African Countries ‘Backbone’ of UN, Ban Tells Summit

2015•01•31 UN News

Addressing the African Union (AU) Summit in Addis Ababa, Ethiopia, at the start of what he called a “crucial year for global action to secure our global future”, the United Nations Secretary-General today said he looked forward to African countries realizing their massive cultural, human and economic potential.

“African countries have been the backbone and leading Member States of the United Nations since the day they achieved independence,” Ban Ki-moon said, noting their growth in numbers from four States in 1945 to 54 in 2015.

“In this critical year, we need Africa to help guide the way to a world of sustainability and dignity for all the people, where nobody will be left behind.”

Throughout his speech, the Secretary-General stressed the centrality of Africa to the UN’s work and promised that the UN would stand with Africa as a partner and the “strongest supporter” of the continent’s efforts to achieve peace and security and all aspects of sustainable development.

He pointed to gains already made thanks to the Millennium Development Goals (MDGs) and looked forward to adoption of the post-2015 development agenda, including a set of sustainable development targets, and to a meaningful, universal climate change agreement in Paris in December.

“No continent has more at stake in these negotiations than Africa,” he stressed, underlining the importance of the Financing for Development Conference in Addis Ababa in July. “Without resources, our commitments to sustainable development will amount to little more than fine words on paper.”

Fulfilling the aspirations and wishes of the continent’s people required leaders to listen to their people.

“People around the world have expressed their concern about leaders who refuse to leave office when their terms end,” he said. “I share those concerns. Undemocratic constitutional changes and legal loopholes should never be used to cling to power.”

Alongside that call, the Secretary-General highlighted the AU’s long history of supporting democratic transitions, saying that he hoped elections due to take place in African countries over the course of 2015 would be as peaceful and successful as those in Tunisia, Botswana, Malawi, Zambia and others in 2014.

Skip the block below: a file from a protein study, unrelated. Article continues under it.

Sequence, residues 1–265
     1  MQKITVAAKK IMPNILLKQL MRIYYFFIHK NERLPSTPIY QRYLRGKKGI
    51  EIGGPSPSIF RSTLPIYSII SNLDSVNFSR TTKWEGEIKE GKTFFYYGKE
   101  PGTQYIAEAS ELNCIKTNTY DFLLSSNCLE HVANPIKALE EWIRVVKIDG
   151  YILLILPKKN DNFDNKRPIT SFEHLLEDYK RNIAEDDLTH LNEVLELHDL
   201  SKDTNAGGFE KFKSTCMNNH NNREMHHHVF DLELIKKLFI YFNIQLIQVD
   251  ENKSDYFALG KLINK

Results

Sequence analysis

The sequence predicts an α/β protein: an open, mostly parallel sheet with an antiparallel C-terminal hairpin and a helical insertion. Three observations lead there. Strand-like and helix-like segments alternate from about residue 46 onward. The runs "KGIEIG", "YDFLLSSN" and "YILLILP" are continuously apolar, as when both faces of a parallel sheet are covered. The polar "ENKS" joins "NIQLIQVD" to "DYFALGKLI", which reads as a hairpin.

He noted other positive developments from the previous year, including affirmation by the AU’s Human Rights Commission of the rights of lesbian, gay bisexual and transgender (LGBT) individuals and the Cotonou Declaration on the abolition of the death penalty in Africa. He was also pleased to welcome the AU Commission of Inquiry report on South Sudan and the final report of the Commission of Inquiry for the Central African Republic.

The focus of the African Union’s “Agenda 2063” on gender equality and the empowerment of women was another positive step and he hoped for its formal adoption during the Summit. However, he called for even quicker action, urging African States to make a deep and lasting difference to the lives of women and girls by 2020.

“We have much more work to do to unleash [their] tremendous potential,” emphasized the UN chief. “They need better access to secondary education, decent work and economic opportunities. They need more help to combat maternal mortality and poverty, and genital mutilation. They need more protection from the scourge of violence at the hands of men and boys.”

There is also need for Africa’s development agenda to provide affordable, quality healthcare, a fact illustrated most clearly by the impact of the Ebola crisis. Having recently visited Guinea, Liberia, Sierra Leone and Mali, he praised the support, solidarity and generous contributions of African Governments and people to their efforts.

“We are seeing clear signs of progress,” he said. “I urge the international community to commit more resources at this critical time.”

Cooperation is also essential to the progress seen on the peace and security front, he said, pointing to several examples of combined operations, including the joint mission with the Economic Community of West African States (ECOWAS) in Burkina Faso, the partnership between the UN, the AU and the Intergovernmental Authority for Development (IGAD) in Somalia, and continued collaboration between the UN and AU in Sudan and Libya.

Peace and stability in the Democratic Republic of the Congo and Great Lakes region required joint decisive action, and it was time to redouble joint efforts towards peace and stability in South Sudan. He also welcomed the specific focus of the AU’s Peace and Security Council on the issue of Boko Haram in Nigeria.

“The humanitarian consequences are enormous, with up to one million people forced from their homes,” he said. “This group continues to kill Christians and Muslims, kidnap women and children, and destroy churches and mosques. We will never forget the girls and boys kidnapped from Chibok last April, and I will never stop calling for their immediate and unconditional release.”

As the UN reviewed its peace operations, including its peacekeeping missions and special political missions, he stressed that African troops remained vital to the UN’s peacekeeping capacity. In that field, as in others, cooperation with African mechanisms would again be essential and he welcomed progress on the African Standby Force and the African capacity for crisis response.

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